About Us | Help Videos | Contact Us | Subscriptions

Agronomy Journal Abstract -

Yield and Composition of Field Bean and Adzuki Bean in Response to Irrigation, Compost, and Nitrogen1


This article in AJ

  1. Vol. 75 No. 1, p. 31-35
    Received: Apr 16, 1982

Request Permissions

  1. Robert G. Robinson2



Nutritionists expect bean seed to provide a nutritious, high-protein food. Consequently, production practices, that alter nutritive composition and yield, affect both human health and economic profit. Field bean (Phaseolus vulgaris L.) and adzuki bean [Vigna angularis (Willd.) Ohwi and Ohashi] were grown on Udorthentic Haploborolls, sandy, mixed soils in central Minnesota to measure the effects of irrigation, rhizobial inoculant, and N on seed yield, protein concentration, and nutritive value. Main plot treatments were rainfall of 16 to 36 cm during June, July, and August and rainfall plus irrigation of 24 to 30 cm. Subplot treatments for fieldbean were untreated, compost at 3 to 6 metric tons/ha, rhizobia, inorganic N at 74 to 310 kg/ha, soybean [Glycine max (L.) Merr.] meal at 112 kg N/ha, corn (Zea mays L.) grits plus inorganic N at 112 kg N/ha, and compost plus inorganic N. Subplot treatments for adzuki bean were untreated, rhizobia, and inorganic N at 112 kg/ba. Seed harvested from the treatments was analyzed by standard methods for amino acids, N, P, K, S, Ca, Mg, Fe, Zn, Mn, AI, B, Cu, Na, Mo, Ni, Pb, Cr, and Cd. Yield increases from irrigation ranged from 1,198 to 1,940 kg/ha. Yields from the subplot treatments differed significantly under irrigated but usually not under dryland treatment. Highest yields of fieldbean were obtained from compost plus inorganic N. The effect of compost on seed yield and quality was equivalent to tbat of 74 to 112 kg/ha of inorganic N fertilizer. Soybean meal, corn grits plus N, and N fertilizer treatments at equal rates of N did not differ in fieldbean yield or protein percentage. Irrigation resulted in low-protein bean seed but compost and/or inorganic N at high rates usually maintained protein at acceptable levels. Amino acid composition of bean protein was not significantly affected by irrigation or other treatments. Bean seed from dryland plots was superior to seed from irrigated plots in protein and Zn concentrations. Nitrogen to protein conversion factors among treatments ranged from 6.19 to 6.26 for fieldhean and from 6.06 to 6.24 for adzuki bean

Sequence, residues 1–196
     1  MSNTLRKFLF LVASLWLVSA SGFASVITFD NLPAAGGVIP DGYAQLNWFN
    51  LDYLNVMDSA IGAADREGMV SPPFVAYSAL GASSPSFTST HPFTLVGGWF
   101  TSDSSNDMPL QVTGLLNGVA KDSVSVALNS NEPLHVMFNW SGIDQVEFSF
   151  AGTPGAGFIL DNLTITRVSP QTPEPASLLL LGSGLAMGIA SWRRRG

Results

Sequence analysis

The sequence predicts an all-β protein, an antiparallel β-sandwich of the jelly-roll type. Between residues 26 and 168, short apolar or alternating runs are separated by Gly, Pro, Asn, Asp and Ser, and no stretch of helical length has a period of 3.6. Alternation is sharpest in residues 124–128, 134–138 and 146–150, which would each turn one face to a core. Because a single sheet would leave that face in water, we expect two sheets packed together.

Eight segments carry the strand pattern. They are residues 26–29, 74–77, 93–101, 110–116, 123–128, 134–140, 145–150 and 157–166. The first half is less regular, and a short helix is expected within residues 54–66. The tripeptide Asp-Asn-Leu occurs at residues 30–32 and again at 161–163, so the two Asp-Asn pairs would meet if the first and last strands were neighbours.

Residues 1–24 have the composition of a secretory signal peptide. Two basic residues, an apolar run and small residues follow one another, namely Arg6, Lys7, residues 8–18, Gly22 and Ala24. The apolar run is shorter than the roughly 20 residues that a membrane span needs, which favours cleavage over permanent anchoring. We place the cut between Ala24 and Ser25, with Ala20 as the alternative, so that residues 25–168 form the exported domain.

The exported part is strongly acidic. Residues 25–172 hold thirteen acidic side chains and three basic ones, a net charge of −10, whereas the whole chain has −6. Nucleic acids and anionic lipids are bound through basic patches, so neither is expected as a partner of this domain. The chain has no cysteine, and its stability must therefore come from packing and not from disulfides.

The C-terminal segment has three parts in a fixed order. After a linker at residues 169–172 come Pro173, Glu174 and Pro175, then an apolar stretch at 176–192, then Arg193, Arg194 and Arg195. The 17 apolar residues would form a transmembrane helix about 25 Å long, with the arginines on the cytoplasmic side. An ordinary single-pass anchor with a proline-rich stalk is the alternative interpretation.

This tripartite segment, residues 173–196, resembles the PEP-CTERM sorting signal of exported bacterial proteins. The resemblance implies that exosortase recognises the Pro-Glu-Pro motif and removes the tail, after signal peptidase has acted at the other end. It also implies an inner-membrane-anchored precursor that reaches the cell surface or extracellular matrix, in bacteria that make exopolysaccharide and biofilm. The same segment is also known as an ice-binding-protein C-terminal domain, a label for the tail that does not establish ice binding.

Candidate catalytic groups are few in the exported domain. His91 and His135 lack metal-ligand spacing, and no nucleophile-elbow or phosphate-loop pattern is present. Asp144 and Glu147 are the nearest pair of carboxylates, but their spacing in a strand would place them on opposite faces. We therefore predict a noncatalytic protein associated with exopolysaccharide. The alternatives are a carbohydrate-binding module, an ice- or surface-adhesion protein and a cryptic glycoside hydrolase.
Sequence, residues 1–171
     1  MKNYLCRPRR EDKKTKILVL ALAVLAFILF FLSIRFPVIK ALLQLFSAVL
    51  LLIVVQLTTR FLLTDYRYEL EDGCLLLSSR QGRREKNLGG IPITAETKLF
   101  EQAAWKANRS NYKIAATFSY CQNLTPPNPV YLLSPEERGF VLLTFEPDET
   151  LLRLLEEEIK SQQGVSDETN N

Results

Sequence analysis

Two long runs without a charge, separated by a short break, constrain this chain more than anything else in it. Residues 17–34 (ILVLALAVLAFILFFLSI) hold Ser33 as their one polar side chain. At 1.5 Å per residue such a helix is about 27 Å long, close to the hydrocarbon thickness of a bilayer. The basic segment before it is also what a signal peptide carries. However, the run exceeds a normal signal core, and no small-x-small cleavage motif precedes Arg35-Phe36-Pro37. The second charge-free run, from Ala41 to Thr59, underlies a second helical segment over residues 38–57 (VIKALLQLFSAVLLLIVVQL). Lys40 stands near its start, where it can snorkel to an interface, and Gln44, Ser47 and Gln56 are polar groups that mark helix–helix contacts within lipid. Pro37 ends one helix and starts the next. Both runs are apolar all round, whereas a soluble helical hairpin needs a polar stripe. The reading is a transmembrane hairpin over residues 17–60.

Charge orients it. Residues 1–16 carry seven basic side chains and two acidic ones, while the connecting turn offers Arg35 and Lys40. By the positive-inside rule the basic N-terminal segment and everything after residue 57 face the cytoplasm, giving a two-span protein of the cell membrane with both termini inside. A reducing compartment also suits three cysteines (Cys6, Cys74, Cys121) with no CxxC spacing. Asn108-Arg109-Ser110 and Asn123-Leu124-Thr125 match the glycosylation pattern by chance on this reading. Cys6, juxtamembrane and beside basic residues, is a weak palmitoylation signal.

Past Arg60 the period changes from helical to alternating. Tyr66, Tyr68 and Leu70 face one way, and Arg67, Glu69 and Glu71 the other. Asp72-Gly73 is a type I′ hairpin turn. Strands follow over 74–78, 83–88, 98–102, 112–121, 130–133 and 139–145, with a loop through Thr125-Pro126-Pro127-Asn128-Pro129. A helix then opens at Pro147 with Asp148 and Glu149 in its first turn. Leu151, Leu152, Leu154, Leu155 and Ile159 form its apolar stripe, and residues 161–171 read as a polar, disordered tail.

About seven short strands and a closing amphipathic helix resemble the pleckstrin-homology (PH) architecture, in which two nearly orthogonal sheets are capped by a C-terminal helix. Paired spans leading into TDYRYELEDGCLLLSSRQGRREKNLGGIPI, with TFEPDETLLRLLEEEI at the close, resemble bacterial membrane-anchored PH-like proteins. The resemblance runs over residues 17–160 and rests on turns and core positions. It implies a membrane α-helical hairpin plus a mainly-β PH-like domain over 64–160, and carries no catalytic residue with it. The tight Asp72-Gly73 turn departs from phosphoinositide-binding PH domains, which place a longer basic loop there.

Please view the pdf by using the Full Text (PDF) link under 'View' to the left.

Copyright © .